The ideas of ecosystem investments, especially perennial agriculture (large and small scale forest gardening/farming), woodland managing and rain catchment (home and large scale) will likely become more and more regarded as forms of wealth.

John Michael Greer said...

Bootstrapper, disparities in wealth tend to be more extreme in less regulated economies, not less so, for reasons that Adam Smith (among others) outlines in detail in The Wealth of Nations. This is why a completely free market would remain that way for about a week; as soon as income disparities emerged, those with more wealth would have every incentive to slant the playing board in their favor.

Mthierauf, yes, you're beating a dead horse. I think I've outlined the background of my comment at ample length in response to the last two Austrian School fans to jump on the point in question.

Bryant, thanks for the reference! I haven't read that book yet, and intend to.

Darius, an excellent analogy.

Draco, thanks for the link.

Christine, all this is worth discussing. The point I'd make, though, is that mainstream economic theories explicitly reject what you're suggesting, and insist that the efforts of each person to gain private benefits work out for the good of all. I'll be arguing at length a little later that the difference that needs to be tracked is between investment in the secondary economy of wealth, on the one hand, and investment in the tertiary economy of money on the other.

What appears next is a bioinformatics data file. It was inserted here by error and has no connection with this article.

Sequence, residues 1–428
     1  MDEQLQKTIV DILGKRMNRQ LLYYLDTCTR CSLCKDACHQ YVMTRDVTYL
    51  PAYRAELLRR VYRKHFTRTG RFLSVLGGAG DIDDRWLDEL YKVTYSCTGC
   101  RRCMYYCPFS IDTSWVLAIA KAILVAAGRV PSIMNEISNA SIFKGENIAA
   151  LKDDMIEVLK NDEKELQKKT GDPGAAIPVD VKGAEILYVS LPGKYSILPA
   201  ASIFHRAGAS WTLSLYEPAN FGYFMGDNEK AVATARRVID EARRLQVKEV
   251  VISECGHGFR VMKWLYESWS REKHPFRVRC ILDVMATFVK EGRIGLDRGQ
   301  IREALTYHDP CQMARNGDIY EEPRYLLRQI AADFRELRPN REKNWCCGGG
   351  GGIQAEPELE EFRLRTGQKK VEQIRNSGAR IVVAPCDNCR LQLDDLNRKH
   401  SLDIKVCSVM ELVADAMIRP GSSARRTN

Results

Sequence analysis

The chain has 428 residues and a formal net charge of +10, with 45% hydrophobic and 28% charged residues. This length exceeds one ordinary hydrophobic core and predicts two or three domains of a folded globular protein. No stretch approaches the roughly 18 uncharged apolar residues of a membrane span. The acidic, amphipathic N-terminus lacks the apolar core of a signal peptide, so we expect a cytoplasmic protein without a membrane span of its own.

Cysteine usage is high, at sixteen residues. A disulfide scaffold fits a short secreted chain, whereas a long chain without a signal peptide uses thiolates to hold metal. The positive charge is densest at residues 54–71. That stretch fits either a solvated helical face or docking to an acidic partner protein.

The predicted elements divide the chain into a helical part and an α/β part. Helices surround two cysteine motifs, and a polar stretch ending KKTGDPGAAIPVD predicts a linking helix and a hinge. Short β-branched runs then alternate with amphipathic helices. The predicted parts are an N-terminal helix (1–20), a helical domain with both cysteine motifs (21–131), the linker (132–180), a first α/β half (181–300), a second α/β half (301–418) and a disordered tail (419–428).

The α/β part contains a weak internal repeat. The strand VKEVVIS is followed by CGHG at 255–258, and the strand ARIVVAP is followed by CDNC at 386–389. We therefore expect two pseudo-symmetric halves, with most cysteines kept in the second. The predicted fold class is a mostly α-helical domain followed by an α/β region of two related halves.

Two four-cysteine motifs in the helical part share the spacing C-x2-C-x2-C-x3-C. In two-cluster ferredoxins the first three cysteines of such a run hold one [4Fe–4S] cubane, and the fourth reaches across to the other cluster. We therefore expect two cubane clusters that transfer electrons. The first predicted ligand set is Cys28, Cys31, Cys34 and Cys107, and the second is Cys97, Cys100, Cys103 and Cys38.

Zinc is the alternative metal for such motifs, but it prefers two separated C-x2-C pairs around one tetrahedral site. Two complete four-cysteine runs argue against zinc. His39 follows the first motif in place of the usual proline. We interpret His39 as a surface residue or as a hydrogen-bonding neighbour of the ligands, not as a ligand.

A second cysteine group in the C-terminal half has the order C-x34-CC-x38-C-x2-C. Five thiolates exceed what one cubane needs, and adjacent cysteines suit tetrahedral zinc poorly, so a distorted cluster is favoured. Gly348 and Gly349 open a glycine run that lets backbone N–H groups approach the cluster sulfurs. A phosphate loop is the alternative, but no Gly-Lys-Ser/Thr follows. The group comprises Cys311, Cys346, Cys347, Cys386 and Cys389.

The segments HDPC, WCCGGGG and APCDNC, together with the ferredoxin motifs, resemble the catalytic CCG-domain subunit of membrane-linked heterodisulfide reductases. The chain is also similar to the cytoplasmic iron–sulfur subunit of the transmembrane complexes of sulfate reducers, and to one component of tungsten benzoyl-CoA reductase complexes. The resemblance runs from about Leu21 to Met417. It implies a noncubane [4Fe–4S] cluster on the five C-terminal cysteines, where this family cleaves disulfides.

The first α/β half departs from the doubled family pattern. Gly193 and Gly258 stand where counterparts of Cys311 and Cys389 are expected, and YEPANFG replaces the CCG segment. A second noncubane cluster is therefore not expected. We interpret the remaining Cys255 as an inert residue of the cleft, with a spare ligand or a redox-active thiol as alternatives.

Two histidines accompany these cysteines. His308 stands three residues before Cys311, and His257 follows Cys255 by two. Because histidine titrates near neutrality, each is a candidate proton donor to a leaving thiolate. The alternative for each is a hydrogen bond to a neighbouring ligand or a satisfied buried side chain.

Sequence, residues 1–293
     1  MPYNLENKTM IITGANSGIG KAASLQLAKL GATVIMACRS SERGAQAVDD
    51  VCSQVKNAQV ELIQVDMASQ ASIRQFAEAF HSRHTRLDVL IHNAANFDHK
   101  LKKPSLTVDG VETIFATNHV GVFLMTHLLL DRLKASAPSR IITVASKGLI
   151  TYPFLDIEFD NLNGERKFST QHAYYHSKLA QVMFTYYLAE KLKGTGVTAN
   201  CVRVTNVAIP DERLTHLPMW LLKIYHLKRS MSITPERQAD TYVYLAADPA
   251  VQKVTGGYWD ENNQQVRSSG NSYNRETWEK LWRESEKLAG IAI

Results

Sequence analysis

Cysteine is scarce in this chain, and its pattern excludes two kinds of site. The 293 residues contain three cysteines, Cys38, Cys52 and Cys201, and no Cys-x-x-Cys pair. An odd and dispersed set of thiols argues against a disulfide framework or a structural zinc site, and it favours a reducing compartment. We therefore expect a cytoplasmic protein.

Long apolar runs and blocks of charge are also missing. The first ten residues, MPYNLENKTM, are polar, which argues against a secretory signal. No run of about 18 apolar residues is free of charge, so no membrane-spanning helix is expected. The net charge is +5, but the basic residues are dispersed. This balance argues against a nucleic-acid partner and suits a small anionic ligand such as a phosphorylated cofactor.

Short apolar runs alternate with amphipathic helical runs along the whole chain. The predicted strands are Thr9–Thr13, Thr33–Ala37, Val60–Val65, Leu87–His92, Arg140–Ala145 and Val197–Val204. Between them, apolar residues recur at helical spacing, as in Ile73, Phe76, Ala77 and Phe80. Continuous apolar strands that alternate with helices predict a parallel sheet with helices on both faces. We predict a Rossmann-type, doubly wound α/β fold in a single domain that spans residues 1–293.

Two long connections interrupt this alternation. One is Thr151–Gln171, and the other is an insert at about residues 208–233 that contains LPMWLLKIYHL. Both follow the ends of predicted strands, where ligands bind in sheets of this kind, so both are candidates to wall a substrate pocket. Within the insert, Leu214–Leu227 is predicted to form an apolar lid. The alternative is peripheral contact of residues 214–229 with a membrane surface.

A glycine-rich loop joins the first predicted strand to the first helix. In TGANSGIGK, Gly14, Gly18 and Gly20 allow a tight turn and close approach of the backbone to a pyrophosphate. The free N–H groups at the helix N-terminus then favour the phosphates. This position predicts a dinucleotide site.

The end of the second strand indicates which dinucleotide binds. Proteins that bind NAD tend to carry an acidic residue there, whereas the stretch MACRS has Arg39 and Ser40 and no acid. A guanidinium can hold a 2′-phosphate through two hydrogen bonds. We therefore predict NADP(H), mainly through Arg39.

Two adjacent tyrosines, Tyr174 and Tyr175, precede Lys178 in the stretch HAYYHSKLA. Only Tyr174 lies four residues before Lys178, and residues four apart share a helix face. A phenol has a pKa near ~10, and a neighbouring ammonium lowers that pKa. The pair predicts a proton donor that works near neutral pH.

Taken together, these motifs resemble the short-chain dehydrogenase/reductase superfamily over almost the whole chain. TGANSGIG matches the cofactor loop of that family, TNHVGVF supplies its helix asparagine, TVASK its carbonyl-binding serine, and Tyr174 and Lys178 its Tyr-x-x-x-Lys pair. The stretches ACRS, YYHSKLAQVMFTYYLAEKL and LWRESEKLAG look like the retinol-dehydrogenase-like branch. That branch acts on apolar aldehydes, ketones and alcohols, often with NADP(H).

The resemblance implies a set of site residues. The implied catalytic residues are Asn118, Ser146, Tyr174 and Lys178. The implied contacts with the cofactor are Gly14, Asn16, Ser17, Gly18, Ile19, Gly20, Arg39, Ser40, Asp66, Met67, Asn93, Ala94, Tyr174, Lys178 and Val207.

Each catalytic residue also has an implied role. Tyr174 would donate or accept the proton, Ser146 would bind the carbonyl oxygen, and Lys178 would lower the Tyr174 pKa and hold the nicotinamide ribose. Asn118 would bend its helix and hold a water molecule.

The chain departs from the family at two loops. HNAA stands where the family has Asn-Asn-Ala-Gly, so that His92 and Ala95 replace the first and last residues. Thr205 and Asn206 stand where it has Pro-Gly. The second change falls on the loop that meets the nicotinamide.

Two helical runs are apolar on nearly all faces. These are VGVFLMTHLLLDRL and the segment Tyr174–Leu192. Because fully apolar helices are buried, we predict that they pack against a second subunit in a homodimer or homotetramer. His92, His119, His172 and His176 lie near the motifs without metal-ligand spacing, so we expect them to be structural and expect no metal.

Pfh, thanks for the references! These may be quite useful for my project.

Mthierauf, by this point you've just about beaten that dead horse into paste. Btw, if you think what you say will fall on deaf ears, why post it?

Mark, excellent! Yes, investments in what I've called the primary economy -- the ecosystems that keep us all alive -- will also be central to the proposals I'll be making a little further down the line. More on this later.

John Michael Greer said...

There was a hiccup on the moderation queue today and pretty much all the comments sent in -- there were seven or eight of them -- seem to have vanished without a trace. Annoying! If you made a comment and don't see it, please resend it, and if it doesn't violate house rules, I'll put it through.

Kevin said...

...those who are willing to look at the world in alternative ways may be able to craft intellectual tools to enable themselves and their communities to weather the approaching storm...

What would be some examples of such intellectual tools, as opposed to physical tools used for life support and practical needs? Could you tell us more explicitly what characterizes "meaningful preparations for the future" as opposed to those which are not meaningful?

Dave Fryett said...

thx, mr greer, u have just given the best endorsement for anarchism i've ever read.

Doubting Thomas said...

John Michael, I think the rowdy reaction to your post on politics is telling you that you are onto something. While the laws of thermo will set the boundaries, politics will define how the descent happens. A new economics would be helpful, but a brilliant political solution is what we need.